Here are selected May 2010 rulings of the Supreme Court of the Philippines on criminal law and procedure:
1. CRIMINAL LAW
Conspiracy; proof. Conspiracy requires the same degree of proof required to establish the crime — proof beyond reasonable doubt. Thus, mere presence at the scene of the crime at the time of its commission without proof of cooperation or agreement to cooperate is not enough to constitute one a party to a conspiracy. Michael San Juan y Cruz v. People of the Philippines, G.R. No. 177191, May 30, 2011.
Continued crimes; foreknowledge to prove single intent. Petitioner’s theory, fusing his liability to one count of Grave Threats because he only had “a single mental resolution, a single impulse, and single intent” to threaten the Darongs assumes a vital fact: that he had foreknowledge of Indalecio, Diosetea, and Vicente’s presence near the water tank in the morning of 8 April 1999. The records, however, belie this assumption. Moreover, petitioner went to the water tank not to execute his “single intent” to threaten Indalecio, Diosetea, and Vicente but to investigate a suspected water tap. Not having known in advance of the Darongs’ presence near the water tank at the time in question, petitioner could not have formed any intent to threaten any of them until shortly before he inadvertently came across each of them. Petitioner’s theory holds water only if the facts are altered – that is, he threatened Indalecio, Diosetea, and Vicente at the same place and at the same time. Santiago Paera v. People of the Philippines, G.R. No. 181626, May 30, 2011.
Justifying circumstance; defense-of-stranger rule. The defense-of-stranger rule under paragraph 3, Article 11 of the Revised Penal Code requires proof of (1) unlawful aggression on the part of the victim; (2) reasonable necessity of the means employed to prevent or repel it; and (3) absence of evil motives such as revenge and resentment. None of these requisites obtain in this case. Not one of the Darongs committed acts of aggression against third parties’ rights when petitioner successively threatened them with bodily harm. Indeed, all of them were performing ordinary, peaceful acts – Indalecio was standing near the water tank, Diosetea was walking towards Indalecio and Vicente was standing in the vegetable garden a few meters away. With the element of unlawful aggression absent, inquiry on the reasonableness of the means petitioner used to prevent or repel it is rendered irrelevant. As for the third requisite, the records more than support the conclusion that petitioner acted with resentment. Santiago Paera v. People of the Philippines, G.R. No. 181626, May 30, 2011.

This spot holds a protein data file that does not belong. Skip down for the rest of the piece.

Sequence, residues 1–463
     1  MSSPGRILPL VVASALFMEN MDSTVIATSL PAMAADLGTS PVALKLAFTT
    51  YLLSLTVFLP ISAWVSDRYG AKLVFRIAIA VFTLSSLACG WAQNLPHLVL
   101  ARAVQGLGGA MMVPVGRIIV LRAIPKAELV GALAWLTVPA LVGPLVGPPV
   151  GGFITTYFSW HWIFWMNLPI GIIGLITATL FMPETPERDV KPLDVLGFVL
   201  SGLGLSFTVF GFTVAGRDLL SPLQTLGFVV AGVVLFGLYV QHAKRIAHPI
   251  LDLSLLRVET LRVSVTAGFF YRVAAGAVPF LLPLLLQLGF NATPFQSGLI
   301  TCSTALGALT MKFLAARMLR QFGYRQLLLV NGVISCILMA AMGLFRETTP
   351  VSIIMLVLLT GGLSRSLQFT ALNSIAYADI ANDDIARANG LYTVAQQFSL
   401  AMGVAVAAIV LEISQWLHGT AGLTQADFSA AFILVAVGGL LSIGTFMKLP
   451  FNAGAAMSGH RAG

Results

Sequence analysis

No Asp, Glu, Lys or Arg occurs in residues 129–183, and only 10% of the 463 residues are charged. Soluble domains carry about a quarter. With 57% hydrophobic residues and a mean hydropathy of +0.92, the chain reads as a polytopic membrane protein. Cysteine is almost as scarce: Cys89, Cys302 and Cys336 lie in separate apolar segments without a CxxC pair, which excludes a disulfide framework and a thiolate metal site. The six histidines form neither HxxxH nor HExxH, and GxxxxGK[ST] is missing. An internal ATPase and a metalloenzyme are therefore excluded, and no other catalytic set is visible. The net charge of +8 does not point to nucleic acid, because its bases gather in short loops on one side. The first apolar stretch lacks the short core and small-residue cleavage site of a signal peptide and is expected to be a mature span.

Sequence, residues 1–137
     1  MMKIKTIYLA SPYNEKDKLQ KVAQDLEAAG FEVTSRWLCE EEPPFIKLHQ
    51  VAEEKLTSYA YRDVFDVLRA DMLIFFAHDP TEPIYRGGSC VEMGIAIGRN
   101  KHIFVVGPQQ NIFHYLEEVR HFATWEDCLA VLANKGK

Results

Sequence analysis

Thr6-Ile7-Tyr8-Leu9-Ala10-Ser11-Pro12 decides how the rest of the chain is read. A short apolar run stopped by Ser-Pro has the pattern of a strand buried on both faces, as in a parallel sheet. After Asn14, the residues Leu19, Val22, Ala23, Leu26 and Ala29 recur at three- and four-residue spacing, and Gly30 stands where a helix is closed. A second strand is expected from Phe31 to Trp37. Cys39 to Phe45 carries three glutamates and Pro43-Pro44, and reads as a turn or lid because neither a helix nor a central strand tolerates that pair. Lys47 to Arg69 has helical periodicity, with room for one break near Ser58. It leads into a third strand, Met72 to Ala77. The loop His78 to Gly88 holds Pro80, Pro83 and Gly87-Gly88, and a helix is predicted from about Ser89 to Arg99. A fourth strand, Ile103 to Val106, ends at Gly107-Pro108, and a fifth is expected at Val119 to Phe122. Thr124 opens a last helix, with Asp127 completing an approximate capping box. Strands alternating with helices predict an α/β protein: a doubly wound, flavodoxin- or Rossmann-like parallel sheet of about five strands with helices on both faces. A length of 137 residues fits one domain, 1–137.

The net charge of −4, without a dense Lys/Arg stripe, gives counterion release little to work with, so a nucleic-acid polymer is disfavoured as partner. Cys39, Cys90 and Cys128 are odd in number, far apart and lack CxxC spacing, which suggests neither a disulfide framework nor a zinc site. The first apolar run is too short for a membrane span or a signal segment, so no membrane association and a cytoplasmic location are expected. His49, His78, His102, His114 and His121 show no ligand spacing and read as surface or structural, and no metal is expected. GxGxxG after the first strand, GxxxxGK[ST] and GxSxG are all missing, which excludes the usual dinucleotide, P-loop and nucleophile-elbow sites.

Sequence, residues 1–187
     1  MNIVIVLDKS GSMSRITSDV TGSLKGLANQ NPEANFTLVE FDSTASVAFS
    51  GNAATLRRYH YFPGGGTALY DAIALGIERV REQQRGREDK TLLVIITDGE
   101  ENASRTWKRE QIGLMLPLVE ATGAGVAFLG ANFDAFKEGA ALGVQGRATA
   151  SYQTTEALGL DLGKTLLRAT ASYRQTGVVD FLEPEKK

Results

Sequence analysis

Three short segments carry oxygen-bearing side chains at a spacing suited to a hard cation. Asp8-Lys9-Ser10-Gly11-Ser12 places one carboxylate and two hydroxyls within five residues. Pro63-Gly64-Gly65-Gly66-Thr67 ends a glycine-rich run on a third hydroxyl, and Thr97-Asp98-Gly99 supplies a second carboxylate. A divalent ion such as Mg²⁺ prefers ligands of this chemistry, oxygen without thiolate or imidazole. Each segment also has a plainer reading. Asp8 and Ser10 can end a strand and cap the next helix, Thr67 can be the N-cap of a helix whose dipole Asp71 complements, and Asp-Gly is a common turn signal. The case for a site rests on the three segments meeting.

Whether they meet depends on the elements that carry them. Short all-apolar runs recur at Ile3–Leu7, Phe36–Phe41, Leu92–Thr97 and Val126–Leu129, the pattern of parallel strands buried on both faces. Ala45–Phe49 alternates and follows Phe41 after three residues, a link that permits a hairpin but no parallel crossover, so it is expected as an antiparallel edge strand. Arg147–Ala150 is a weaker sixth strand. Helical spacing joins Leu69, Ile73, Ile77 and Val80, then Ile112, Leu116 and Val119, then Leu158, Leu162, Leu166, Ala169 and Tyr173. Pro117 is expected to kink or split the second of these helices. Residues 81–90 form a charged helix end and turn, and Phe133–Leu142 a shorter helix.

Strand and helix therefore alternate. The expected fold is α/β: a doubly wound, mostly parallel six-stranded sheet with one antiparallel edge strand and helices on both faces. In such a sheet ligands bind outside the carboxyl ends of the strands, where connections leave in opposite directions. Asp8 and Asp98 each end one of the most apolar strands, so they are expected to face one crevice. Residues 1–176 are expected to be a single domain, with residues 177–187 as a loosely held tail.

Justifying circumstance; self-defense. To escape liability, one who admits killing another in the name of self-defense bears the burden of proving: (1) unlawful aggression on the part of the victim; (2) reasonable necessity of the means employed to prevent or repel it; and (3) lack of sufficient provocation on the part of the person claiming self-defense. In this case, the appellant miserably failed to prove unlawful aggression on the part of Labides. There was no evidence to support the appellant’s claim that Labides broke into his home by destroying the door. Nor was there any evidence that Labides tried to attack him with a piece of wood. The appellant himself admitted that he did not sustain any injury due to the incident. Moreover, physical evidence belies the appellant’s claim of self-defense. The number, location and severity of the hack wounds the appellant inflicted on Labides all indicate an intention to kill, and not merely to wound or defend. The totality of this evidence proves beyond reasonable doubt that the aggressor was in fact the appellant and not Labides. People of the Philippines v. Antonio Sabella y Bragais, G.R. No. 183092, May 30, 2011.
Qualified theft; elements. To constitute the crime of theft, defined and penalized under Article 308 of the Revised Penal Code, the following elements must be established that: (1) there be taking of personal property; (2) said property belongs to another; (3) the taking be done with intent to gain; (4) the taking be done without the consent of the owner; and (5) the taking be accomplished without use of violence against or intimidation of persons or force upon things. Theft is qualified under Article 310 of the Revised Penal Code under the following circumstances: (1) if the theft is committed by a domestic servant; (2) if the theft is committed with grave abuse of confidence; (3) if the property stolen is a (a) motor vehicle, (b) mail matter, or (c) large cattle; (4) if the property stolen consists of coconuts taken from the premises of a plantation; (5) if the property is fish taken from a fishpond or fishery; or (6) if property is taken on the occasion of fire, earthquake, typhoon, volcanic eruption, or any other calamity, vehicular accident, or civil disturbance. Clay & Feather International, Inc., et al v. Alexander T. Lichaytoo and Clifford T. Lichaytoo, G.R. No. 193105, May 30, 2011.
Rape; guidelines in review of rape cases. In reviewing rape cases, the Supreme Court is guided by three settled principles: (1) an accusation of rape can be made with facility and while the accusation is difficult to prove, it is even more difficult for the person accused, although innocent, to disprove; (2) considering the intrinsic nature of the crime, only two persons being usually involved, the testimony of the complainant should be scrutinized with great caution; and (3) the evidence for the prosecution must stand or fall on its own merit, and cannot be allowed to draw strength from the weakness of the evidence for the defense. People of the Philippines v. Edgardo O. Ogarte, G.R. No. 182690, May 30, 2011.